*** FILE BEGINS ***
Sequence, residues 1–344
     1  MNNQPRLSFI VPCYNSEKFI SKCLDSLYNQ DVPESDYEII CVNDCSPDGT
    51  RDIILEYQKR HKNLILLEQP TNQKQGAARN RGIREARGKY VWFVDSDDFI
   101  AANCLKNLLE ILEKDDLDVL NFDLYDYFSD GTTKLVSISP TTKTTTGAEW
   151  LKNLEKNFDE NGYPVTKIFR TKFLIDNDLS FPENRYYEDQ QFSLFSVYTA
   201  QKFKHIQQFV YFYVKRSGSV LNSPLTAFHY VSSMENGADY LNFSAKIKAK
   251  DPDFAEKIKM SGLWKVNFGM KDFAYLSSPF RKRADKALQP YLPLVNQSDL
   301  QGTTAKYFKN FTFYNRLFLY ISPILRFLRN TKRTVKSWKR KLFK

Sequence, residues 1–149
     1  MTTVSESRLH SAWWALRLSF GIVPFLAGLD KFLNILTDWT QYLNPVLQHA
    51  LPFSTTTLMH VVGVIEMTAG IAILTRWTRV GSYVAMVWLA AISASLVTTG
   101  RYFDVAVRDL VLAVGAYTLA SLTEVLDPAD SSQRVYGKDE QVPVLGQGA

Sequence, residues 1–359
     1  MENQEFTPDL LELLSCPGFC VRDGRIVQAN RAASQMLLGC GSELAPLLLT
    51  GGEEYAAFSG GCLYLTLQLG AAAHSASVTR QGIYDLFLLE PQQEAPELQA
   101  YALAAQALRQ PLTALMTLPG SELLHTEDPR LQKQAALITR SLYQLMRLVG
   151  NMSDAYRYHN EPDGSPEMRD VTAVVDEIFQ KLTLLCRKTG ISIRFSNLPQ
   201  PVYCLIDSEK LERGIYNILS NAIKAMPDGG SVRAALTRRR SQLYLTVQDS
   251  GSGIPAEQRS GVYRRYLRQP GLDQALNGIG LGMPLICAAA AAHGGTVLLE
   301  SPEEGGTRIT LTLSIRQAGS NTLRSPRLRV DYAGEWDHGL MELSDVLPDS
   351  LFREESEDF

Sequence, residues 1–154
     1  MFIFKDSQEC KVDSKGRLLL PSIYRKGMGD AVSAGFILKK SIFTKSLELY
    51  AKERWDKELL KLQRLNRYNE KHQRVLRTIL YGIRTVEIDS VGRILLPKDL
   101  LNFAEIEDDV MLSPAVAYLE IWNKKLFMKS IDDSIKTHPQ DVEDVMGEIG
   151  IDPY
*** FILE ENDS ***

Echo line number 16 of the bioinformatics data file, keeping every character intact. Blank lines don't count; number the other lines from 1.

   101  YALAAQALRQ PLTALMTLPG SELLHTEDPR LQKQAALITR SLYQLMRLVG